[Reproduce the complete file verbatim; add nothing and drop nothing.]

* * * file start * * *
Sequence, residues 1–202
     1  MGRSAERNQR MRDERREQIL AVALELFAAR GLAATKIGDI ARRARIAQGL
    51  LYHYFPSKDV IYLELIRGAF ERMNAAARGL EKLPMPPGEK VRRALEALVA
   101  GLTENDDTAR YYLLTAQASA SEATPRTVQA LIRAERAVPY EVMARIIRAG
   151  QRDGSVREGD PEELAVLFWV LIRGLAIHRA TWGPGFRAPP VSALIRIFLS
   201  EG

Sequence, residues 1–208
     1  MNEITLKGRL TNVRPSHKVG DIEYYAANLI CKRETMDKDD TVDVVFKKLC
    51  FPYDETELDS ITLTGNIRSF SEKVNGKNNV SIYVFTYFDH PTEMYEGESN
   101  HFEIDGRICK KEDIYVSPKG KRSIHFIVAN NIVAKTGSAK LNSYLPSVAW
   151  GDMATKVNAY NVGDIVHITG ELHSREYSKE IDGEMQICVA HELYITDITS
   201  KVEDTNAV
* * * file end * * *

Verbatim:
Sequence, residues 1–202
     1  MGRSAERNQR MRDERREQIL AVALELFAAR GLAATKIGDI ARRARIAQGL
    51  LYHYFPSKDV IYLELIRGAF ERMNAAARGL EKLPMPPGEK VRRALEALVA
   101  GLTENDDTAR YYLLTAQASA SEATPRTVQA LIRAERAVPY EVMARIIRAG
   151  QRDGSVREGD PEELAVLFWV LIRGLAIHRA TWGPGFRAPP VSALIRIFLS
   201  EG

Sequence, residues 1–208
     1  MNEITLKGRL TNVRPSHKVG DIEYYAANLI CKRETMDKDD TVDVVFKKLC
    51  FPYDETELDS ITLTGNIRSF SEKVNGKNNV SIYVFTYFDH PTEMYEGESN
   101  HFEIDGRICK KEDIYVSPKG KRSIHFIVAN NIVAKTGSAK LNSYLPSVAW
   151  GDMATKVNAY NVGDIVHITG ELHSREYSKE IDGEMQICVA HELYITDITS
   201  KVEDTNAV